Wednesday, 24 May 2023

Written by Eleanor Davis

To become a Nazirite seems a holy choice: to dedicate yourself to God and abstain from intoxicants and hair-cutting.  Yet in Parashat Naso the ritual for ending a period of Nazirite living includes bringing a sin offering – so what was the sin in this period of ‘holy’ living? Drawing on Mishnah Nedarim 9:1, which connects fulfilling vows honouring parents, perhaps we might consider the sin in relation to how far the Nazirite must avoid contact with the dead: “Even if their father or mother, or their brother or sister should die, they must not become defiled for any of them…” (Numbers 6:7). Seen from the parent’s perspective, this choice to become a Nazirite could seem a potential betrayal of the most basic expectations of a close relationship.

Just before Shabbat Naso, on Shavuot we read Megillat Ruth, including Ruth’s famous pledge of allegiance to Naomi’s people and her God: another story that could look rather different if read from the perspective of her birth family.  Drawing on several Tanakh episodes and midrashim, especially Ruth Rabbah 2 and Babylonian Talmud Sotah 42b, I offer not a replacement of the Book of Ruth, but an invitation to read Ruth with fresh eyes and more questions.  May the Book of Orpah encourage our awareness that even the apparently holy choices we make may come at a cost, to ourselves and to those close to us, and open our ears to other perspectives on our stories.


The Book of Orpah

In the days when the chieftains ruled, there was a famine in the land of Judah.  A man of Bethlehem in Judah, with his wife and two sons, came to reside in Moab: Elimelech, his wife Naomi, and their sons Machlon and Chilion.  They came to Moab and remained here.

Elimelech, Naomi’s husband, died; and she was left with her two sons.

Machlon married a princess of Moab: her name was Ruth, daughter of Eglon, king of Moab.  Chilion also married a princess of Moab: her name was Orpah, daughter of Eglon, king of Moab.  They lived here for nearly ten years, but then those two – Machlon and Chilion – died; Ruth and Orpah were widowed.

The Bethlehemite woman heard that the famine had ended in her country.  The woman had become dear to her daughters-in-law, so when she set out to leave Moab, they accompanied her.  With their mother-in-law, Orpah and Ruth set out from their home; they started out on the road leading away from Moab towards Naomi’s land.

But their mother-in-law said to Orpah and Ruth, “Turn back, each of you to her mother’s house. May the Eternal deal kindly with you, as you have dealt with the dead and with me!  May the Eternal grant that each of you find security in the house of a husband!” And she kissed them farewell. Orpah and Ruth broke into weeping and said to her, “No, we will return with you to your people.”  They walked another forty paces with her.

But Naomi replied, “Turn back, my daughters! Why should you go with me? Have I any more sons in my body who might be husbands for you? Turn back, my daughters, for I am too old to be married. Even if I thought there was hope for me, even if I were married tonight and I also bore sons, should you wait for them to grow up? Should you on their account debar yourselves from marriage? Oh no, my daughters! My lot is far more bitter than yours, for the hand of the Eternal has struck out against me.”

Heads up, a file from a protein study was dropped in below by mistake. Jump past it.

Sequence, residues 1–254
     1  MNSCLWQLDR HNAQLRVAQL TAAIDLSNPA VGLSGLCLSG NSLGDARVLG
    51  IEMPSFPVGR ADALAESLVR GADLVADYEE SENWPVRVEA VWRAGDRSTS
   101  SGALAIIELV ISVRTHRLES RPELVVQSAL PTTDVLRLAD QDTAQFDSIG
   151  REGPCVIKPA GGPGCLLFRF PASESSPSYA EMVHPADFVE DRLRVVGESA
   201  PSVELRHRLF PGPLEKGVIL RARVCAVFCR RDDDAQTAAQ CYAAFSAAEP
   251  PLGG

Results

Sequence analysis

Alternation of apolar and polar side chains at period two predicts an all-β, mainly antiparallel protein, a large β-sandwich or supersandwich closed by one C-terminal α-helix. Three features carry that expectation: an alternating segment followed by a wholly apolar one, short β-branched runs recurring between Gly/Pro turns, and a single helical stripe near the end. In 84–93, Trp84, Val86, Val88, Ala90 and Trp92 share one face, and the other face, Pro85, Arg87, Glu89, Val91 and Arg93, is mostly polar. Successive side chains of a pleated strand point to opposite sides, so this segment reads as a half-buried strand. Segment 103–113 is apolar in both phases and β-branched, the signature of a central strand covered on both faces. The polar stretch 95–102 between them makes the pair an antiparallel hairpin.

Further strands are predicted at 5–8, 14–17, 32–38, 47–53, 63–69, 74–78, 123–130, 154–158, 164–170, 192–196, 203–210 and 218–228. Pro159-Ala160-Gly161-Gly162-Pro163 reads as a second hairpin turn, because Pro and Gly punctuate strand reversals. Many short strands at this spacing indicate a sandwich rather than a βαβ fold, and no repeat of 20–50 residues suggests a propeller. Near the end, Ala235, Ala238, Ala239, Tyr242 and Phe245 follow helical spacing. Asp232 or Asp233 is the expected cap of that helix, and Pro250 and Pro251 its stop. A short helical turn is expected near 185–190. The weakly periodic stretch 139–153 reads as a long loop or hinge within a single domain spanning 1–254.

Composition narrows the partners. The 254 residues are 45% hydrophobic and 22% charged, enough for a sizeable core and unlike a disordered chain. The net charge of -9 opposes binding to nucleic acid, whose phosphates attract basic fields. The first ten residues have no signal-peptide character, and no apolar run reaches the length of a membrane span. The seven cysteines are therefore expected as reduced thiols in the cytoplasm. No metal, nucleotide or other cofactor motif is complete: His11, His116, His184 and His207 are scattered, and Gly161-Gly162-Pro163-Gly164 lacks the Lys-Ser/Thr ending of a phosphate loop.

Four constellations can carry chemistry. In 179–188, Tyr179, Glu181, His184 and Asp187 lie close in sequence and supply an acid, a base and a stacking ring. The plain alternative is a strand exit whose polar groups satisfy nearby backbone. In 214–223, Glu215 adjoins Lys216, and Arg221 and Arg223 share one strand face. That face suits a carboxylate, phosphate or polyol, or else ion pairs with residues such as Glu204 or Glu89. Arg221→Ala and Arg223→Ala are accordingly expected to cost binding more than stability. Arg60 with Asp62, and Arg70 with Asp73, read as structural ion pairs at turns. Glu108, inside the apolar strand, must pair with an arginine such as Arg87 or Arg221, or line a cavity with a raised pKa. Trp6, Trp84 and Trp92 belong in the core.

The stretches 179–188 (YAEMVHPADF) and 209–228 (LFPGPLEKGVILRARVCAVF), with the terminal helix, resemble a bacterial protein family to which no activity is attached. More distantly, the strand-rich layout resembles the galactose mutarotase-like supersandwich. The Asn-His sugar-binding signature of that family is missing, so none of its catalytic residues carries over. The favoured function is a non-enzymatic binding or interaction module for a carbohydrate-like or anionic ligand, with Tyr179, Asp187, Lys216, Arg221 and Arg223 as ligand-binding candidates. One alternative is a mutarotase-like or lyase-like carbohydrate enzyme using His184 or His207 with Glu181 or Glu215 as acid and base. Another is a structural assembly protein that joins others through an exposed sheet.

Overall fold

Orpah and Ruth broke into weeping again.  Orpah kissed her mother-in-law and wept and said, “As you have urged me to leave you, I will turn back.  Your gods are not my gods and your people are not my people: even if I follow you, they will not welcome me.  I will return to seek somewhere that it may be good for me, with a future and a family; and among my own people I will die.”  Orpah wept again in farewell and turned to leave.

But Ruth clung to Naomi, who said, “See, your sister-in-law has returned to her people and her gods. Go follow your sister-in-law.”  Ruth replied, “Do not urge me to leave you, to turn back and not follow you. For wherever you go, I will go; wherever you lodge, I will lodge; your people shall be my people, and your God my God. Where you die, I will die, and there I will be buried. Thus and more may the Eternal do to me if anything but death parts me from you.”  When Naomi saw how determined she was to go with her, she ceased to argue with her; and the two went off together.

When Orpah heard that Ruth had gone with Naomi, she broke into weeping as she returned alone on the road leading into Moab.  As evening fell, a company of Philistines came up behind her on the road: the chief of the company saw her, and took her and lay with her, then the men of the company abused her all night long until morning, saying, “This is what is done to one who betrays her country for anything but death.”

As dawn was breaking, the growling of a dog was heard, and the men were afraid: she looked up and saw a man of great stature fighting the men who had abused her, until not one remained.  He asked for her name, but she said, “Do not call me Orpah, for it is my sister-in-law who turned her back (oref) on her people; call me Harifah, for I was ground like bruised corn (harifot) until you saved me.”  He replied to her, “Though you were bruised, yet I will bring you healing (refuah) and you will become the mother of giants (rephaim).”

And the giant took her, and she became his wife, and she bore him four sons: Ishbi-Benob, Saph, Goliath, and Madon.

Eleanor Davis LBC rabbinical student



The views expressed in this D’var Torah do not necessarily reflect the position of Leo Baeck College.